Employment Settlement Agreements

Employment Settlement Agreements arise in several different situations.

Sometimes individuals may be offered a Settlement Agreement as part of a standard redundancy package. This usually means the proposed dismissal will not be contentious, with the result the employee may have little scope to argue for improved terms. In other words, the Settlement Agreement is offered on a “take it or leave it” basis. In those circumstances the key issue is whether the sums on offer represent reasonable recompense over and above what the individual would be entitled to receive anyway without having to sign a Settlement Agreement.

Similarly, an individual may be offered severance terms following a workplace dispute, perhaps where the employer knows it may have committed a repudiatory breach of contract.  The employer will be keen to avoid any potential litigation and adverse publicity. In those situations, individuals have an opportunity to look more critically at what is being offered. In order to do so, it helps to take specialist advice so that the pros and cons of any offer can be assessed against what could be achieved if an Employment Tribunal claim or other proceedings were pursued instead.

Clearly, compensation alone should not be the sole driver and individuals always need to look at the bigger picture. For example, the irrecoverable costs,  the distraction of litigation, the time and stress involved, the likelihood of securing new employment quickly, and reputational issues all need to be carefully considered.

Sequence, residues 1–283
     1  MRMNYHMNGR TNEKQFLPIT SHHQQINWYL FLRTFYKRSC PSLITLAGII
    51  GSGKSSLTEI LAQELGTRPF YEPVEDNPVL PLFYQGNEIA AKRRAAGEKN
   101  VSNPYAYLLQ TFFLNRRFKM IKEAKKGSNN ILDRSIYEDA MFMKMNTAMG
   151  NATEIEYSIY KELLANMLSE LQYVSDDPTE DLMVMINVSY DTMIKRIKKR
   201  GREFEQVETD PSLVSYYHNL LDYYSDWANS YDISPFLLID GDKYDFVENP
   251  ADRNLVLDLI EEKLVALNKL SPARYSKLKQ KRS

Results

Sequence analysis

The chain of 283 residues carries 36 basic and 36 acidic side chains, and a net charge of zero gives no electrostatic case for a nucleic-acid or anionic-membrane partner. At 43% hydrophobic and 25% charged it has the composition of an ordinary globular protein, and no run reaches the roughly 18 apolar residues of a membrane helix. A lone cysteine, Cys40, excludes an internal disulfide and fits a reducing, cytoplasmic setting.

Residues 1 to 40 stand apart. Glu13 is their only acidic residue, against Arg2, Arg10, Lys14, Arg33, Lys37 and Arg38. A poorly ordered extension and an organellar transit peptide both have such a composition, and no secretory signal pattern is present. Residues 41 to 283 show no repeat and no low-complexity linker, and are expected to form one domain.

Whilst most Settlement Agreements contain standard provisions, individuals still need to think carefully about negotiating for the less obvious (and often overlooked) concessions from their employer. This could be anything from making the termination payments more tax efficient, securing the continuation of certain employee benefits (e.g. private health insurance, death in service and company car use), to insisting on provisions such as the transfer of a mobile phone, PAC codes and/or laptop computers – all of which are generally of little value to employers.

There are also reputational issues to consider. For example, making sure any internal announcement is not disparaging, and obtaining an agreed reference which is both positive but at the same time does not look contrived.

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